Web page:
Gov. Scott Walker

The U.S. Supreme Court announced on Monday that it would not hear Wisconsin’s John Doe case. John Doe had been looking into whether Gov. Walker’s 2012 recall campaign and third party funders illegally collaborated. Wisconsin’s Supreme Court had ordered an end to the probe, but prosecutors wanted to continue. Monday they lost that petition. Former state Supreme Court Justice Janine Geske says there are several reasons why John Doe likely didn’t make the cut.

Joe Raedle/Getty Images

Update: Three Republican legislators are requesting an investigation into who leaked the secret John Doe documents to The Guardian. Assemblymen Robin Vos, Jim Steineke and John Nygren have sent a letter to Wisconsin Attorney General Brad Schimel, asking him to appoint a special prosecutor to investigate, insisting the person responsible committed a crime.

(Original post follows)

UW System

Gov. Scott Walker came under fire by UW System administrators and others last year, after his proposed biennial budget suggested altering the mission of the UW System.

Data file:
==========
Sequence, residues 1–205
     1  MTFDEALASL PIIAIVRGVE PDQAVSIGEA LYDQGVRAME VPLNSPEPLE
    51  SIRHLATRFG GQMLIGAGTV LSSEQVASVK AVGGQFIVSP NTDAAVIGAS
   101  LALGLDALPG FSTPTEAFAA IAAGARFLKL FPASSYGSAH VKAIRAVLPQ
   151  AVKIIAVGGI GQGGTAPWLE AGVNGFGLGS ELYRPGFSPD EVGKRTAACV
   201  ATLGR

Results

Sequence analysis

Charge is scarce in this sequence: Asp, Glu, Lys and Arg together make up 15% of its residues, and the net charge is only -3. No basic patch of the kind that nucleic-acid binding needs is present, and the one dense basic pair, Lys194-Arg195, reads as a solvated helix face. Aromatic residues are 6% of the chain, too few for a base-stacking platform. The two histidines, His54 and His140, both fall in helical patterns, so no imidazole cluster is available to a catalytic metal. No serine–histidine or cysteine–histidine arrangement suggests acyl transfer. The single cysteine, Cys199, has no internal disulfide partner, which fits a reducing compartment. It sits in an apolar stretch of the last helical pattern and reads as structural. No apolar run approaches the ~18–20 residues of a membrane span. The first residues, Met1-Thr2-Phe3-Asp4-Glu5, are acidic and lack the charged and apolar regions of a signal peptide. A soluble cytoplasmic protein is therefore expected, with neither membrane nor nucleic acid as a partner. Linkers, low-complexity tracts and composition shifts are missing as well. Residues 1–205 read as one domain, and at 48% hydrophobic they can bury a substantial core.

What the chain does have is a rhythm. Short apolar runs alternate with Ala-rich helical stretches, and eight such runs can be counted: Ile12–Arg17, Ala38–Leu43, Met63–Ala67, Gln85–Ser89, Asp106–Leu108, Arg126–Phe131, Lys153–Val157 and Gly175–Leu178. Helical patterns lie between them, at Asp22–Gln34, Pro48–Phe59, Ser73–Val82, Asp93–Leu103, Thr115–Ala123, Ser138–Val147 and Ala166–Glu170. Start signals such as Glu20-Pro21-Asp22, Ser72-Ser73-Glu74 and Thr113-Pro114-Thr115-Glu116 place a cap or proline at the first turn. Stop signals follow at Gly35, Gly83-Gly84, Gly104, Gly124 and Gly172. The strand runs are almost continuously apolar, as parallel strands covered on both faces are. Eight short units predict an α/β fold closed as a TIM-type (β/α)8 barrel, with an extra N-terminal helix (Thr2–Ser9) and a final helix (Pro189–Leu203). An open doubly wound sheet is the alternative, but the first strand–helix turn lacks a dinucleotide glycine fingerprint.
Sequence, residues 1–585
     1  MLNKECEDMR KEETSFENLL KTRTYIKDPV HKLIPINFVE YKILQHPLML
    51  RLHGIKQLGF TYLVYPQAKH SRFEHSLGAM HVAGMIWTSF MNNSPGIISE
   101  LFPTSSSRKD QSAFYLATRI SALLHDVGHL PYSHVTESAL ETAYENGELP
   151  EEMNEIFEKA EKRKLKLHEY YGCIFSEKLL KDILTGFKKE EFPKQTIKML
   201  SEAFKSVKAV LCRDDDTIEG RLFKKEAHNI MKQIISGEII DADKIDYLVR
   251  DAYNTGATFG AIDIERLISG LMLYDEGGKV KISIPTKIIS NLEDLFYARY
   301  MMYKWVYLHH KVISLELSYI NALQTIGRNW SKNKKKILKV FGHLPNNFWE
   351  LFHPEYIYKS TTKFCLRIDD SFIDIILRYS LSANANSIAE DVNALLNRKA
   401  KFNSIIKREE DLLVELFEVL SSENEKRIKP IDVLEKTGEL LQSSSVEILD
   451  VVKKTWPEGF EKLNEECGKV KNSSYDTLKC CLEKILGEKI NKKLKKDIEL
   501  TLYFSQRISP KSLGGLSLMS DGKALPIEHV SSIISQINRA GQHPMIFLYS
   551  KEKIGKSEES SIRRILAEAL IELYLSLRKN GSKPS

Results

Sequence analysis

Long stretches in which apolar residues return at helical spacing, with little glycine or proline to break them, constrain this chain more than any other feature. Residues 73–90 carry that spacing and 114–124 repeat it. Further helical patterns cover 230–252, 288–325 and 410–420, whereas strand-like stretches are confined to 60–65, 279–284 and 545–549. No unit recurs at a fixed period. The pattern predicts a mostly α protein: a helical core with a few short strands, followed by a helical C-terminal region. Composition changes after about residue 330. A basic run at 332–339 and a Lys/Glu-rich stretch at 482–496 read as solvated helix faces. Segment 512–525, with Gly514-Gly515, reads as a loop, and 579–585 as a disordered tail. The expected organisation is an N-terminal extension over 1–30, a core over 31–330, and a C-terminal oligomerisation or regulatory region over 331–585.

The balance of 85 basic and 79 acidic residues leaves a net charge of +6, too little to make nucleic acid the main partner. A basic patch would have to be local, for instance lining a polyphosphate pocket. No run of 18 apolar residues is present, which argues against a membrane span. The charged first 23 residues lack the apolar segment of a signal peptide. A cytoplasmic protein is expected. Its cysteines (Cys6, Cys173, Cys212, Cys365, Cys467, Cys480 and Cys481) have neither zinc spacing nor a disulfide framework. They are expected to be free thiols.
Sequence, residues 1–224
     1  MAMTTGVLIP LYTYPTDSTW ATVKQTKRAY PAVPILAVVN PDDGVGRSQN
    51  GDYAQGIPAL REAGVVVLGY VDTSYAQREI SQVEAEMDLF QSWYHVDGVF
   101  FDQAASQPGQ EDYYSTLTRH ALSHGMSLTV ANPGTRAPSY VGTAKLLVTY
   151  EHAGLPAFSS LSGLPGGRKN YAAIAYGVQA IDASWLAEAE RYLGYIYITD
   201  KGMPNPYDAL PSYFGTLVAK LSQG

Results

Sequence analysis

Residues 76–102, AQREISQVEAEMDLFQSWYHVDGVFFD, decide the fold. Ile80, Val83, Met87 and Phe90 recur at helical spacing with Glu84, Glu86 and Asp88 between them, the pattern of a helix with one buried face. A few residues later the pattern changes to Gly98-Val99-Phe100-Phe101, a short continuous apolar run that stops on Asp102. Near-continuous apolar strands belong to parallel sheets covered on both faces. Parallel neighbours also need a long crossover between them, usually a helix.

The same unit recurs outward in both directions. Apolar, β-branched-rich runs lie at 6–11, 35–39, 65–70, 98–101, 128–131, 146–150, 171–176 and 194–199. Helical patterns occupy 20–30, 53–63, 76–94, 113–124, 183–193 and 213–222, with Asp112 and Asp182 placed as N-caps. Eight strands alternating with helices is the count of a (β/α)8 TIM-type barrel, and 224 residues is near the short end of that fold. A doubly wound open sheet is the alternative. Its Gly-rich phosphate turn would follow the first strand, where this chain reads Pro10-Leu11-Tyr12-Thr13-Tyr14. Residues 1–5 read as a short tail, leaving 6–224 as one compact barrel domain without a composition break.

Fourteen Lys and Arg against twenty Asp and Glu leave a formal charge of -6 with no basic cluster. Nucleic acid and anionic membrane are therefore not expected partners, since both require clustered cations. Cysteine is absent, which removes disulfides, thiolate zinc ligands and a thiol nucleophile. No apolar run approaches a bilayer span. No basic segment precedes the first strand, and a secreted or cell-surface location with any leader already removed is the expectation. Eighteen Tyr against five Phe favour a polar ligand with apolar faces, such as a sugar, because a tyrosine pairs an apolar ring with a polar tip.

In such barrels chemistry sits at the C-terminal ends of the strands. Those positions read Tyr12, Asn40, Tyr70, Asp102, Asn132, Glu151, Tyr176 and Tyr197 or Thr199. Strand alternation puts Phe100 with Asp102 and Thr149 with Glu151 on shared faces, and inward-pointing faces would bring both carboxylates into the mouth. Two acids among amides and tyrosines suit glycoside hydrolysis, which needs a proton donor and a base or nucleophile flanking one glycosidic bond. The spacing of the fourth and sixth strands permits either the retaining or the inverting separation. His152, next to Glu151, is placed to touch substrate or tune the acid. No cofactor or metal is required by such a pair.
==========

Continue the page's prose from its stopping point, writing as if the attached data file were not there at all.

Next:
For more than 100 years, the Wisconsin Idea has been in place. The mission, which is described in state statutes, says, in part, that the public university system must "extend knowledge and its application beyond the boundaries of its campuses." The statement also says that inherent in the UW System's mission is "public service designed to educate people and improve the human condition."

Andy Stenz

Gov. Scott Walker sparked outcry in a news conference February 11, 2011. That's when he announced Act 10. It ended public union rights, except the ability to bargain for limited wage increases. Fire and police unions were spared.

"We have to reform the wage and benefit process here in the state of Wisconsin," Walker said.

Walker argued for Act 10, saying it would help the state control spending and reduce debt.